The FDA has determined the composition of the 2015-2016 influenza vaccine, and this year’s supplies were expected to arrive in pharmacies as scheduled in August, which means it is time to make room for new inventory by properly disposing of any vaccine remaining from the 2014-2015 season.
Ideally, unused vaccines are returned to the vaccine manufacturer for proper disposition at the conclusion of flu season. Pharmacies must contact each manufacturer directly to determine their policies for returning unused doses. For those vaccines that cannot be returned, it is important to identify the appropriate waste stream and ensure proper disposal. Given the number of flu vaccines that are not returnable, it is incumbent upon every pharmacy to have a formal vaccine disposal plan in place.
While requirements for medical waste disposal are regulated by state environmental agencies, any medications with a hazardous categorization fall under the purview of the EPA’s Resource Conservation and Recovery Act (RCRA).1 RCRA rules are intended to keep toxic waste, such as mercury, from polluting ground water. Pharmacies must dispose of full or partially used vaccines that are deemed hazardous under RCRA via RCRA-hazardous waste containers, or black bins.
Identifying RCRA-Hazardous Waste
According to the EPA, waste that is not specifically listed is still deemed hazardous if it exhibits characteristics of ignitability, corrosivity, reactivity, or toxicity.2 Given its toxicity, mercury is classified as a toxic hazardous waste under the code D009. Any product with a mercury concentration of 0.2 mg/liter or greater is considered hazardous solid waste. This applies to vaccines that use thimerosal, a mercury derivative, as a preservative.
Vaccines that exceed the EPA threshold for mercury, and therefore must be disposed according to hazardous waste guidelines, are listed in TABLE 1. Vaccines produced as 5-mL multidose vials for intramuscular injection contain approximately 25 mcg mercury per dose. Although Novartis’ single-dose prefilled 0.5 mL syringes of Fluvirin seasonal flu vaccine are preservative-free, these vaccines may contain trace amounts of mercury (≤1 mcg per 0.5 mL dose) leftover from the manufacturing process. When disposing of a full or partially used sharp syringe containing a vaccine with thimerosal, dispose of the sharp as dual hazardous and biohazardous waste.
The quadrivalent nasal spray vaccine FluMist does not contain mercury, and thus does not require disposal as hazardous waste, but it does contain live attenuated influenza virus (LAIV). Therefore, the proper disposal method for any unused vaccine and the sprayer is as biohazardous waste using a red sharps container.
Pharmacies should dispose of expired vaccine vials that do not contain mercury or LAIV according to state regulations. Included in this category are the many 0.5-mL single-dose formulations of seasonal flu vaccine that are preservative-free and manufactured without the use of thimerosal. Incineration is the best environmental practice for disposal.
For the coming influenza season, an FDA advisory panel endorsed the World Health Organization’s recommendations for an A/Switzerland/9715293/2013 (H3N2)-like virus, a B/Phuket/3073/2013-like virus (B/Yamagata lineage), and an A/California/7/2009 (H1N1) pdm09-like virus as the 2015-2016 trivalent vaccine.3 The change in H3N2 was expected because of low vaccine effectiveness in 2014-2015, which the CDC has estimated at 19%.4 The FDA panel also approved the WHO recommendation that the 2015-2016 quadrivalent vaccine should include these antigens and also a B/Brisbane/60/2008-like virus.3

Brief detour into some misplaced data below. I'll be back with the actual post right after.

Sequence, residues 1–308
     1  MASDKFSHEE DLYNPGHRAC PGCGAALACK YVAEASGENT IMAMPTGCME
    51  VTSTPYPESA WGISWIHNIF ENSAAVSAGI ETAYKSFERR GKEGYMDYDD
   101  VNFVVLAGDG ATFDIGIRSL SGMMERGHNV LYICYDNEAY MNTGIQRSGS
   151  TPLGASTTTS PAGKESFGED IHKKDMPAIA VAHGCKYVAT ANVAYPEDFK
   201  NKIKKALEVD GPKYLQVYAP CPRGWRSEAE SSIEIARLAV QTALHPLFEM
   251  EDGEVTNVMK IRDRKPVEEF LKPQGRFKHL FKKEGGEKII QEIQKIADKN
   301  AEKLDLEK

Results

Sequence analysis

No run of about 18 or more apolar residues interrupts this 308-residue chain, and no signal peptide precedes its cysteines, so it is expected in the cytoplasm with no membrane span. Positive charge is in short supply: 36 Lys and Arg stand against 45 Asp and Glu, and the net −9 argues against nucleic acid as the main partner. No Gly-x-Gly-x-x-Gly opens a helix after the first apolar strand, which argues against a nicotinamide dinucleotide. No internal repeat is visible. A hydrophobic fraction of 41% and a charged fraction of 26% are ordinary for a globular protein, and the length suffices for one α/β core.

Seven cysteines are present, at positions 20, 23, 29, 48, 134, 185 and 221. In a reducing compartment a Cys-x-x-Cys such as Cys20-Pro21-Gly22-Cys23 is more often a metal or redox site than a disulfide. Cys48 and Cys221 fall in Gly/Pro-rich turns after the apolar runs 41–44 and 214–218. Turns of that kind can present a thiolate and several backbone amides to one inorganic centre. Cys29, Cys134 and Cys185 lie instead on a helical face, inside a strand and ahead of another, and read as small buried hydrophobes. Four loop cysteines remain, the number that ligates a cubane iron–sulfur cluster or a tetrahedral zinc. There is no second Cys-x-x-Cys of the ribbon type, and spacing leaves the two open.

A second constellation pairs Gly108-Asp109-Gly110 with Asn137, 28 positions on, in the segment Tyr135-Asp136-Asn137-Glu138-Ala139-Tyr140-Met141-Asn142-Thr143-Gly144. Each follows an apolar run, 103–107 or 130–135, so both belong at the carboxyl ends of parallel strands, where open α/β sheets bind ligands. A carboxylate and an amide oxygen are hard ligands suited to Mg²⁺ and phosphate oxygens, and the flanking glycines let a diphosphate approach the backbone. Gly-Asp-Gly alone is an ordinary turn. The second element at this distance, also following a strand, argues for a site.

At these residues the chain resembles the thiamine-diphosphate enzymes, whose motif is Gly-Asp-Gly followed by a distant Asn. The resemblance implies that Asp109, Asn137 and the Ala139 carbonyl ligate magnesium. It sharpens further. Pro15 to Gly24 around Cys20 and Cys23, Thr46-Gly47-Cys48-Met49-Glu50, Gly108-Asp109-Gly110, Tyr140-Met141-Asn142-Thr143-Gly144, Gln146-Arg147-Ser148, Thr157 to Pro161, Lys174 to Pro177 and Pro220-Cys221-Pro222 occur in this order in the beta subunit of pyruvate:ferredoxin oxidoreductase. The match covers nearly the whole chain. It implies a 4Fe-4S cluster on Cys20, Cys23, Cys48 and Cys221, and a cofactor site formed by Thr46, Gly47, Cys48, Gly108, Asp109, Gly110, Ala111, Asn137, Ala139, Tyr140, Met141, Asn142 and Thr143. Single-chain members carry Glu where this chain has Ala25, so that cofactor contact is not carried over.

The CDC Advisory Committee on Immunization Practices (ACIP) recommends either nasal spray delivery of LAIV or injected inactivated influenza vaccine (IIV) for children 6 months and older. This comes after an ACIP meeting in February at which the committee reversed its 2014 advice favoring LAIV for children ages 2 through 8 years.5 ACIP’s decision was based on findings that LAIV performed poorly against influenza A/H1N1 in children in 2013-2014. As with other age groups, neither LAIV nor IIV worked well in protecting children ages 2 to 8 years against H3N2 viruses in the 2014-2015 season, according to the CDC.5
MedImmune (maker of LAIV, sold as FluMist) informed ACIP that a mutation in the vaccine’s strain of hemagglutinin protein made it vulnerable to heat exposure.6 The 2015-2016 LAIV will contain an antigenically similar, more stable hemagglutinin.
When designing an effective vaccine management program, pharmacy often focuses on determining order quantities, expanding inoculation rates, and ensuring proper storage conditions. While these are all key factors, a program is not complete without a detailed disposal plan. Like all RCRA-hazardous products, vaccines containing thimerosal should include an indication of their D code to ensure unused doses are disposed in the proper waste stream at the end of the flu season.
For further guidance on compliant disposal procedures and documentation practices, contact your state environmental agency. The Healthcare Environmental Resource Center provides a convenient state-by-state regulated medical waste resource locator (www.hercenter.org/rmw/rmwlocator.cfm) that outlines each state’s statutes, regulations, and guidelines.
Lisa Hack is a senior editor for Pharmacy Purchasing & Products and MedicalLab Management magazines. She can be reached at email@example.com.